Amazon Prime – Stream It or Skip It?
November 26th, 2008 saw one of Mumbai’s most heinous crimes play out in multiple locations across the city. A terrorist attack similar to that of America’s 9/11, the events have been fodder for much fictional entertainment over the years including the Dev Patel vehicle Hotel Mumbai. A new Amazon Prime series introduces a new take on the day’s events, focusing on the hospital staff at the center of the response. Does it rise to the challenge of depicting such a serious time in Indian history?
Opening Shot: A group of unmarked men in lifejackets arrive on shore in a small boat. Voiceover resembling a taped message plays over the scene and instructs them to wreak havoc so that no one will ever forget this day.
The Gist: At a hospital in Mumbai, a group of residents arrive for their first day. Among them is Diya, the daughter of a famous physician who will be receiving an award later that night. Mumbai Diaries 26/11 follows Diya, her fellow residents, and the rest of the hospital staff as they navigate the everyday drama of the hospital politics before their worlds are shaken by a deadly terrorist attack across the city.
Our Take: At first, Mumbai Diaries 26/11 looks to be a serious, heavy view of terrorist events unfolding across many of Mumbai’s most prominent locations. But what follows for the remainder of the first episode sets up something more akin to Grey’s Anatomy, as the drama and small-time politics of a local hospital play out. Three residents arrive for their first day of work and are met by a disengaged attending Dr. Koushik Oberoi (Mohit Raina) who is having marital problems and has vowed to leave his job to help save his marriage. One of the residents, Diya (Natasha Bharadwaj) is the Meredith Grey of the group, complete with a family pedigree to rival the Grey lineage and the other residents give off George O’Malley vibes. But when trauma victims start arriving at the hospital in droves, it’s all hands on deck at the hospital and personal issues must be put aside.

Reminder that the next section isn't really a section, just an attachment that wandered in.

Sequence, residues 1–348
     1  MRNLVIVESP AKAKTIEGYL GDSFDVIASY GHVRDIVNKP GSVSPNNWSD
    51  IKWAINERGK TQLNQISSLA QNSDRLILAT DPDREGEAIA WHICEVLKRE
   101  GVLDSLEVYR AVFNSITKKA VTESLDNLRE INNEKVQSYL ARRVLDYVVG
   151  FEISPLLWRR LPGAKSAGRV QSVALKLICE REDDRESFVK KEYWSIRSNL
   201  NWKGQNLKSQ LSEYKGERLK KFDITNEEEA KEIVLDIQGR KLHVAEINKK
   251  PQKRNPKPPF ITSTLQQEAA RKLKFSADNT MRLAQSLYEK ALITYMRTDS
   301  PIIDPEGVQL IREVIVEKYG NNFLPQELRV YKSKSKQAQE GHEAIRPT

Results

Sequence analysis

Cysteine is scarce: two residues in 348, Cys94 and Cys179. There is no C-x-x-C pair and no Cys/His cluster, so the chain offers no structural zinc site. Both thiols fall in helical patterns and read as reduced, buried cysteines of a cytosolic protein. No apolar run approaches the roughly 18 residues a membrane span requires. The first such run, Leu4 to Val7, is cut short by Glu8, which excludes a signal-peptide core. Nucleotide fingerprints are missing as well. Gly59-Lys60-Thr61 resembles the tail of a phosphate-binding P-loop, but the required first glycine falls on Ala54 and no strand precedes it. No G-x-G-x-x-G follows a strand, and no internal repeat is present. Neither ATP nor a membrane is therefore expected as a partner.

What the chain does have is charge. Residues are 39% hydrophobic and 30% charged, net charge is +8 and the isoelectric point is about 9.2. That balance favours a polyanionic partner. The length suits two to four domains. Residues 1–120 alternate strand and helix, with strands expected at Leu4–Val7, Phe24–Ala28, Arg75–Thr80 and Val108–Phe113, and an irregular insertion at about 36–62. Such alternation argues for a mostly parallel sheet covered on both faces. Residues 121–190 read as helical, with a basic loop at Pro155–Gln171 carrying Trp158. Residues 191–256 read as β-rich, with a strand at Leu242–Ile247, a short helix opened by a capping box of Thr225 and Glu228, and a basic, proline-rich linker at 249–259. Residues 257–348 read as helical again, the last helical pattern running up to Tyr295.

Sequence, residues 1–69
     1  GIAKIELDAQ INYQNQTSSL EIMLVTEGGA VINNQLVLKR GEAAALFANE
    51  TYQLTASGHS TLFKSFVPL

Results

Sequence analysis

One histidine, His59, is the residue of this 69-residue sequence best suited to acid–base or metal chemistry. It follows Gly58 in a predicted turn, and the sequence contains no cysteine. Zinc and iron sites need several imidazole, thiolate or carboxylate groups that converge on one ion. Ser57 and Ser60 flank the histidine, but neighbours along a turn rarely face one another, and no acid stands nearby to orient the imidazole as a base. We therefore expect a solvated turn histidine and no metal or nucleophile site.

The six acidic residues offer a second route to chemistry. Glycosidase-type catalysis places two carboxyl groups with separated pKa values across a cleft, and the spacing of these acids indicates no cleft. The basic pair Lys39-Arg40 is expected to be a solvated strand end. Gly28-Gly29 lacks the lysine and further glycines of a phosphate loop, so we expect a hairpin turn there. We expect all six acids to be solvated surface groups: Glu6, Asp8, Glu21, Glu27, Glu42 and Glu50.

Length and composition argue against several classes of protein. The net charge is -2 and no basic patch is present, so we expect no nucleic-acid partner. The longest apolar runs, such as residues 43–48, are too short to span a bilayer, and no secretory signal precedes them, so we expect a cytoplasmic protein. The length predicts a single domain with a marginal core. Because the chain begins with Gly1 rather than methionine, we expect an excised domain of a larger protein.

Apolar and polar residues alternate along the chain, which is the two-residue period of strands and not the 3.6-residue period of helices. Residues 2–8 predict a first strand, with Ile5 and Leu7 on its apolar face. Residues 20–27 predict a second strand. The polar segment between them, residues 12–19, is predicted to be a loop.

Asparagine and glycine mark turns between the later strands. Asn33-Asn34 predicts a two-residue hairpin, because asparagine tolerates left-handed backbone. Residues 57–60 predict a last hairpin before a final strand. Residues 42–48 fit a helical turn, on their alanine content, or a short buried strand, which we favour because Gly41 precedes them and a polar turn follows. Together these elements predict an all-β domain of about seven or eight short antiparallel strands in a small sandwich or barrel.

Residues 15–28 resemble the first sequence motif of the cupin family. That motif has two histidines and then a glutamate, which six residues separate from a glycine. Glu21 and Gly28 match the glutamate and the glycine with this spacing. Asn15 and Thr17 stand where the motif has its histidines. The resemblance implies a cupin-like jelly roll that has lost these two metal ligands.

It’s an interesting set-up and setting to reimagine the events of November 26th. The majority of the episode feels a bit soapy like a classic primetime drama, but quickly veers into a more serious tone at the close of the episode. The tonal shift is a bit jarring and whether the show is able to balance the personal drama with the terror unfolding around them will be something to watch throughout the remaining episodes. Because the series opens with the terrorists’ POV, it’ll be interesting to see how that aspect of the story plays out, if at all.
Raina and Bharadwaj are the effective leads for the show, though they share minimal time on screen. Both are commanding and immediately likeable, though Rana’s character’s rough edges feel a bit cliche. It remains to be seen how their chemistry evolves, but both are strong enough to carry their respective portions of the show single handedly.
Overall, Mumbai Diaries 26/11 sets up a strong premise of everyday lives being forever altered by tragedy. How it will navigate the heavy nature of the themes remains to be seen.
Parting Shot: In the chaos of the aftermath of the attack, the camera focuses on a lifeless body on the gurney. As it inches closer, we realize it’s the face of Anju, one of the nurses at the hospital.
Sleeper Star: Bharadwaj steals the show as the new girl who is trying to fly under the radar, though her name often precedes her.
Most Pilot-y Line: “You’re Dr. Pranab Parekh’s daughter?” Almost everyone Diya encounters is able to discern her lineage after she simply introduces herself and says her last name (which is, for the record, a very very common Indian last name).
Our Call: STREAM IT. It’s gripping and sensitive, and an interesting fictional take on a real life event.
Radhika Menon (@menonrad) is a TV-obsessed writer based in New York City. Her work has appeared on Paste Magazine, Teen Vogue, and Brown Girl Magazine. At any given moment, she can ruminate at length over Friday Night Lights, the University of Michigan, and the perfect slice of pizza. You may call her Rad.
Watch Mumbai Diaries on Amazon Prime